Here, we reported investigations about the degradation and excretion of the 15-mer DNA product BC 007 in human plasma and urine. Even though the original intention was to detect degradation products of n-1 to n-4 of BC 007 in the urine of treated subjects, according to the in vitro and ex vivo findings of Shaw et al. , bAIBA was also anticipated to be suitable to follow the fate of BC 007 in humans. bAIBA is a degradation product not only of valine (S-enantiomer) , but also of thymidine (R-enantiomer) in particular [11, 12]. Moreover, Truhaut et al.  and Mazurik et al.  have already published studies investigating urinary ß-amino isobutyric acid in the mouse, elimination after intravenous administration of DNA, and the excretion of thymidine and beta-aminoisobutyric acid (bAIBA) in rats as a function of the administered dose of thymidine and DNA as early as 1965 and 1968, respectively. The n–x degradation products of BC 007 were, however, not detected in urine which was due to the combination of low specimen concentration and limit of quantification using the NMR hybridization method. Nevertheless, the further downstream degradation product, bAIBA, was detectable. The fast increase in the bAIBA concentration seen in urine was also confirmed when looking at its serum levels. Together these both stress the very fast and very complete decay of BC 007 in humans. This also explains why no n–x degradation products could be found.
bAIBA is, therefore, a perfect parameter to follow the degradation of pyrimidine-containing nucleotide products in humans.
With respect to its physiological occurrence, it can be stated that in some laboratory manuals, bAIBA shows reference values in serum of up to 10 µM throughout all age classes . In urine, however, bAIBA showed low reference levels , and is reported by some sources to almost be undetectable since it is further catabolized by R(-)-b-aminoisobutyrate aminotransferase (also named alanine-glyoxylate aminotransferase 2 (AGXT2)) to methylmalonic acid semialdehyde and propionyl-CoA.
Interestingly, about 2–20% of Caucasians and up to 50% of the Asian population are reported to have a deficiency in this aminotansferase [14, 15], which results in an increased bAIBA level in urine without any pathological effects. Increased bAIBA levels in urine have also been reported in pathological situations when large amounts of DNA are degraded, such as malignancies [15, 16], body irradiation , and short-term starvation .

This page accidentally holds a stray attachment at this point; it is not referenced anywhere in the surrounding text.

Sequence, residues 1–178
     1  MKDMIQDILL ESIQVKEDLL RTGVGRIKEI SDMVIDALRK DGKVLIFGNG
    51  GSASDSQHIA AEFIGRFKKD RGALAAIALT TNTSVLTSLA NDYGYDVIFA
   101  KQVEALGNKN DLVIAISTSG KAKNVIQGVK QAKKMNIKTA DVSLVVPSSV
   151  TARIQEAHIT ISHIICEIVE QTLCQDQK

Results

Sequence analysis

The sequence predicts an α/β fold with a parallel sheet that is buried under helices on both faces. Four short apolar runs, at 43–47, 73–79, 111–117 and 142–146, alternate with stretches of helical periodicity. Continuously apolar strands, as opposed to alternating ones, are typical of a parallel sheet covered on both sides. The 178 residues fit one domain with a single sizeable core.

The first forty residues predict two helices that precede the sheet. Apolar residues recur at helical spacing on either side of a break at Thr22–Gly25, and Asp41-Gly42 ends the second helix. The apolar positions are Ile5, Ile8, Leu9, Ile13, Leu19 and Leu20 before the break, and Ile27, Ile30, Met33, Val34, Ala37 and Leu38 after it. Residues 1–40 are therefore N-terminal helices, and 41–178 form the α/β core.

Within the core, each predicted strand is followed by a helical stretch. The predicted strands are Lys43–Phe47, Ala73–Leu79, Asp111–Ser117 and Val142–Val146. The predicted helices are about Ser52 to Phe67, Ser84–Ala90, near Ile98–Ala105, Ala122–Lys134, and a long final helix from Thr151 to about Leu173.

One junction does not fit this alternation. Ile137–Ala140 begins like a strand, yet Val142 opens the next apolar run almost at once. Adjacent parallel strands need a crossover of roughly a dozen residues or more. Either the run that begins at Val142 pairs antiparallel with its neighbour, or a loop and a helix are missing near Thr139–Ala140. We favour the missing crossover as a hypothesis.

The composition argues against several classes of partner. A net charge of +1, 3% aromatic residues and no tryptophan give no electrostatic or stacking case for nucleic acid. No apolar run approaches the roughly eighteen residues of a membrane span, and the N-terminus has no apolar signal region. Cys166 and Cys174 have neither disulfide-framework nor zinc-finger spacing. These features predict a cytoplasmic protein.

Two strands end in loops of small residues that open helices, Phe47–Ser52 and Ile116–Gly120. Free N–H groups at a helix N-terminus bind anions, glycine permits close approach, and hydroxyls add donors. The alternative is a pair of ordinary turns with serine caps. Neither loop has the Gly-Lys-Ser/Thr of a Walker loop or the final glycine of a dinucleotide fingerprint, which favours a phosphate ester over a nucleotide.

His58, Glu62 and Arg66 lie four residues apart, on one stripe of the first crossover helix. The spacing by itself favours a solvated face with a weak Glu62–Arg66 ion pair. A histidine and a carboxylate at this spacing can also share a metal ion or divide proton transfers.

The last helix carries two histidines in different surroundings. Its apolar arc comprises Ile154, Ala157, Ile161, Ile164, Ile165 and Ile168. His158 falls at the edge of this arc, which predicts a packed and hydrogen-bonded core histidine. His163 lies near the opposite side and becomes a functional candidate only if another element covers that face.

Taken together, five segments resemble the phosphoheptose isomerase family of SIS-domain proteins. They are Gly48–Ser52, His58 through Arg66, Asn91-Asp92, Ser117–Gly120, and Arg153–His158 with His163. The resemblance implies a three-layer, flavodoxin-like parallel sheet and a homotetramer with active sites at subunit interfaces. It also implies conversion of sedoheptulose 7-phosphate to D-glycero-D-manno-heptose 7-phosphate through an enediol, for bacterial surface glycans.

A recent study by Kittel et al. , applying HPLC–MS/MS analytics for bAIBA detection, determined normal mean values in plasma of about 0.98 µM (0.79–1.22 µM) in AGXT2 wild-type subjects (the majority of their investigated pool) and values of up to 2.72 µM (the highest value of a single case) in the minority of investigated subjects, being homozygous for a specific single nucleotide polymorphism of AGXT2 (SNP rs 37369). In urine, these authors reported a mean of 42.5 µM (4.4 mg/L) bAIBA, when re-calculating from their mean bAIBA value given as [µmol/g creatinine] and the mean creatinine value. It increased up to means of 117 µM (12.05 mg/L) bAIBA and even 1243 µM (128 mg/L) bAIBA, when looking at the same, but rare, single nucleotide polymorphism. For comparison, all the pre-dose levels from this study taken together amounted to a value of 12.8 ± 8.3 mg/L.
Despite the differences found in the published physiological ranges of bAIBA (probably due to different measuring techniques), it becomes clear that the human body obviously shows a high margin for an increase in bAIBA without any pathological effects .
Looking at the differences in the amount of bAIBA found in urine between the single subjects of a cohort in this study, as exemplarily shown for the 1350 mg cohort in Fig. 4b, it was thought that in subjects showing the lowest amounts a possible further catabolism into methylmalonic acid semialdehyde and propionyl-CoA might have occurred . However, no methylmalonic acid semialdehyde was detected, which may exclude a further breakdown within this 24-h observation time frame; however, final conclusions based on this metabolite should not be drawn. Furthermore, the racemization of (R)-methylmalonic semialdehyde via conversion to its (S) enantiomer was outlined by Roberts et al. , altogether making quantification extremely complicated. On the other hand, propionyl-CoA occurrence, as a second further breakdown product of bAIBA, has multiple origins that exclude its exploitation for the clarification of BC 007 metabolism.